Legendary Album Covers: When Comics Meet Vinyl

Music lovers know what it’s like to walk into a record store and be lured by a album cover. It can be particularly beautiful, striking or even disturbing – an eye-catcher that entices people to buy that particular album, which they might otherwise have overlooked.

It’s a known fact that album covers can be real works of art, at least since Aubrey Powell and Storm Thorgerson designed covers for bands such as Pink Floyd, The Rolling Stones and Led Zeppelin at Hipgnosis, their legendary photo design studio. Since 1968, British designers have created around 350 record covers, which has contributed to the cult status of the respective records.

The Cultural Revolution of the 1960s was evident in album cover designs. Connecting the world of comics and the world of (rock) music was really only a matter of time – in 1965 the Californian city of San Francisco was not only a place that many musicians and hippies aspired to , but was also home to well-known underground bands. artists. Robert Crumb, for example, designed the cover of Cheap feelings by Janis Joplin’s group, Big Brother & the Holding Company.

Crumb would have had only one day to complete the cover in 1967, writes Eckart Sackmann in the exhibition catalog “VINYL! The Comic Covers” at Ludwiggalerie in the German town of Oberhausen. Originally, Crumb’s artwork was meant to be the back cover, featuring artwork for each song title. “The illustrator would later have regretted settling for a flat fee of $600. After all, he was contractually allowed to touch Joplin’s chest,” Sackmann writes.

Comics were the perfect medium for rebelling against the establishment and campaigning for more sexual freedom in the late 1960s. But artists also used illustrations to protest politics and the Vietnam War, and to fight for civil rights. “It was a noisy time, an open time, a time of upheaval,” says Sackmann – in arts and music.

perfect symbiosis

The symbiosis between comics and music continued into the 1970s and 1980s. Famous and underground bands turned to comic artists to design their covers. Danish band Gasolin’ were fans of Tintin creator Hergé and commissioned the Belgian artist for their 1971 album. Gasoline.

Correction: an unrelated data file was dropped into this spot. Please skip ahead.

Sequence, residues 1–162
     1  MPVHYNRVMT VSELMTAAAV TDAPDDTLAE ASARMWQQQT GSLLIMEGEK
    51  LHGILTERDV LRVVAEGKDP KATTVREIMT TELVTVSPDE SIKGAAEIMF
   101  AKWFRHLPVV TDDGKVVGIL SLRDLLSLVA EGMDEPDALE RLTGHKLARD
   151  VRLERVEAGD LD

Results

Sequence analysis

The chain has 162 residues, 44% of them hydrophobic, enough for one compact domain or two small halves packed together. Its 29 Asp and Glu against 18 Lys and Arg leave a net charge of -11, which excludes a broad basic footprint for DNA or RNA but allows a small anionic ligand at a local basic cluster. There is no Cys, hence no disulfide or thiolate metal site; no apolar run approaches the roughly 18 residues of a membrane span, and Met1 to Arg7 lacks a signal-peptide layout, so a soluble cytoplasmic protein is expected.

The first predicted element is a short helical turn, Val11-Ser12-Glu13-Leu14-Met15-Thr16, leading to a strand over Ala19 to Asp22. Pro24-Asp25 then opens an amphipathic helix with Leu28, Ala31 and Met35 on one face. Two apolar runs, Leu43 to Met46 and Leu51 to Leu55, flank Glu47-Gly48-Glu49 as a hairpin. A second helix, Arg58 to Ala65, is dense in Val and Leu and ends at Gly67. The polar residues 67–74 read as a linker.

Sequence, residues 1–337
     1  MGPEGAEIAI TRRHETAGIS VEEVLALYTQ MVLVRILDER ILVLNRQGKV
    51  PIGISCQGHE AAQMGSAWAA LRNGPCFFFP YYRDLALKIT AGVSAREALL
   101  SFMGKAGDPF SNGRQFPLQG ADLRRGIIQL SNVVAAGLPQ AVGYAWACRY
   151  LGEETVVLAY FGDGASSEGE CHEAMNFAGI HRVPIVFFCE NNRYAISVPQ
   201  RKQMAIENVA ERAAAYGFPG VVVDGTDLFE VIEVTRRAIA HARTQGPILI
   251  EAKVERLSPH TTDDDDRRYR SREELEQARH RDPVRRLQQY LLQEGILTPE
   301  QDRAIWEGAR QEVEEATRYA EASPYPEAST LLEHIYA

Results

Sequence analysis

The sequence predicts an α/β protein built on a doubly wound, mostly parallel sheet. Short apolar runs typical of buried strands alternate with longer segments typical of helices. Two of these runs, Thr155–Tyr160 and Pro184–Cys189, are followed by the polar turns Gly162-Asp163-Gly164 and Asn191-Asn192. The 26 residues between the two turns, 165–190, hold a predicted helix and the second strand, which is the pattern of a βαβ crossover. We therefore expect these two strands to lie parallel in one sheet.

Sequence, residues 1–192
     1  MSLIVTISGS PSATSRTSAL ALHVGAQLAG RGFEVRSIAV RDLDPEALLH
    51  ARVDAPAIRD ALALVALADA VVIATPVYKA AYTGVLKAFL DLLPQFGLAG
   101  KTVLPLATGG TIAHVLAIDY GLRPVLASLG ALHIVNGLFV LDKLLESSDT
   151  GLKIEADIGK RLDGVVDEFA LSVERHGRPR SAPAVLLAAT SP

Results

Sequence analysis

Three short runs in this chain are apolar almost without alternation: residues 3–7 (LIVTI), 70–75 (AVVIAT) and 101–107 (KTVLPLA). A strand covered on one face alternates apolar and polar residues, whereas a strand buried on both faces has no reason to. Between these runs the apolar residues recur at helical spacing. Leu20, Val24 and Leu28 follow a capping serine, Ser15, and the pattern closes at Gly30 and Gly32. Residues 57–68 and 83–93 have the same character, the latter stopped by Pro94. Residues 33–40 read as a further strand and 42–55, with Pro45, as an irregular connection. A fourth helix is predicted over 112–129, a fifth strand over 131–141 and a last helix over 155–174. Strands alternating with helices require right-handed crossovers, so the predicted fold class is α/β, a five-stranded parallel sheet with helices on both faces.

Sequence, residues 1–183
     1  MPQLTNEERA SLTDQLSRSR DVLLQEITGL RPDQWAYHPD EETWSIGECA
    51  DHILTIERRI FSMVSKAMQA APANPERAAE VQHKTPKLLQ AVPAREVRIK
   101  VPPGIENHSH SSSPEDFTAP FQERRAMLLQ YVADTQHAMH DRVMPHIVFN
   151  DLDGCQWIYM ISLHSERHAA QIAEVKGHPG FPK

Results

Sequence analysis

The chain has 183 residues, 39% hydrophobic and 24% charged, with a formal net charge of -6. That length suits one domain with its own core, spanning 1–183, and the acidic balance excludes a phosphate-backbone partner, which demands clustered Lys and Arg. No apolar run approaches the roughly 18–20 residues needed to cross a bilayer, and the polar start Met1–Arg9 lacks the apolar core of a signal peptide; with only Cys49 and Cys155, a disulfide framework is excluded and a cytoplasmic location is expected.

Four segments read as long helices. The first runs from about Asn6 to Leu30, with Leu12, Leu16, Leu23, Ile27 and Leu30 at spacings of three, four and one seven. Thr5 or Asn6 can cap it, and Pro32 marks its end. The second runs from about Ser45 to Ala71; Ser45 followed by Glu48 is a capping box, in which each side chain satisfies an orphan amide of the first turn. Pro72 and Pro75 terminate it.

Frank Zappa commissioned Italian illustrator Tanino Libertore to design the 1983 cover The man from Utopia. This refers to Zappa’s more or less disastrous tour of Italy the previous year, where the band faced everything from trouble with the mafia to technical problems. The cover is a tongue-in-cheek reference to their concert near Milan, where Zappa and his band were attacked by swarms of mosquitoes that nearly prevented the band from continuing the concert.

In the 1990s, vinyl records increasingly disappeared in favor of CDs. The smaller covers provided less space for the large-format comic, but some musicians continued to use the art. In the early 1990s, Motörhead had this legendary cover designed for their best-of album.

These days, most people stream music and don’t immediately envision a particular cover when they hear songs, Sackmann says, saying it used to be different. “Imagine Sgt. Pepper’s (famous Beatles album, editor’s note), and you see the album cover,” he says.

The exhibition in Oberhausen, which runs from January 16 to May 8, and the catalog draw attention to a subject that has not yet been fully explored. “There’s a little literature in France, but there’s almost none in Germany,” says Sackmann, who collects both records and comics. For “VINYL!” The Comic Covers”, he collected an impressive 200 comic book covers.

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